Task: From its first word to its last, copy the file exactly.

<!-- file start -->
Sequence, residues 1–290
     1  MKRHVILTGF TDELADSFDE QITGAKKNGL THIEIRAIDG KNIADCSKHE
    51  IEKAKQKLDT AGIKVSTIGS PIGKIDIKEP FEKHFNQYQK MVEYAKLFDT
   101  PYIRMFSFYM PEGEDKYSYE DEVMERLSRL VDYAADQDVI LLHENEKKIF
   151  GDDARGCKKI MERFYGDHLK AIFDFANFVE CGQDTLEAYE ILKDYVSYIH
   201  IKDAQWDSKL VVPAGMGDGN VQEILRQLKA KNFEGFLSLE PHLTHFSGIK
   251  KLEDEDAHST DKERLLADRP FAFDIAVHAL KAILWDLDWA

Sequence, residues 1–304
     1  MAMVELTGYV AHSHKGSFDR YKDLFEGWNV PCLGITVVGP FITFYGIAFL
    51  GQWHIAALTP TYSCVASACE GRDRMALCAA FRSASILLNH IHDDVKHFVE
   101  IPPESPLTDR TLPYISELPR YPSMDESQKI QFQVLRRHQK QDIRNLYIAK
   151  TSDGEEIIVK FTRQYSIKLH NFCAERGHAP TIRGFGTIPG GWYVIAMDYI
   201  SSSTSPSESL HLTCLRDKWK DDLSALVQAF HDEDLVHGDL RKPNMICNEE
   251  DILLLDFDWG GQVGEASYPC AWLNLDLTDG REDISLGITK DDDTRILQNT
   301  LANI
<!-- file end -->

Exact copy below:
Sequence, residues 1–290
     1  MKRHVILTGF TDELADSFDE QITGAKKNGL THIEIRAIDG KNIADCSKHE
    51  IEKAKQKLDT AGIKVSTIGS PIGKIDIKEP FEKHFNQYQK MVEYAKLFDT
   101  PYIRMFSFYM PEGEDKYSYE DEVMERLSRL VDYAADQDVI LLHENEKKIF
   151  GDDARGCKKI MERFYGDHLK AIFDFANFVE CGQDTLEAYE ILKDYVSYIH
   201  IKDAQWDSKL VVPAGMGDGN VQEILRQLKA KNFEGFLSLE PHLTHFSGIK
   251  KLEDEDAHST DKERLLADRP FAFDIAVHAL KAILWDLDWA

Sequence, residues 1–304
     1  MAMVELTGYV AHSHKGSFDR YKDLFEGWNV PCLGITVVGP FITFYGIAFL
    51  GQWHIAALTP TYSCVASACE GRDRMALCAA FRSASILLNH IHDDVKHFVE
   101  IPPESPLTDR TLPYISELPR YPSMDESQKI QFQVLRRHQK QDIRNLYIAK
   151  TSDGEEIIVK FTRQYSIKLH NFCAERGHAP TIRGFGTIPG GWYVIAMDYI
   201  SSSTSPSESL HLTCLRDKWK DDLSALVQAF HDEDLVHGDL RKPNMICNEE
   251  DILLLDFDWG GQVGEASYPC AWLNLDLTDG REDISLGITK DDDTRILQNT
   301  LANI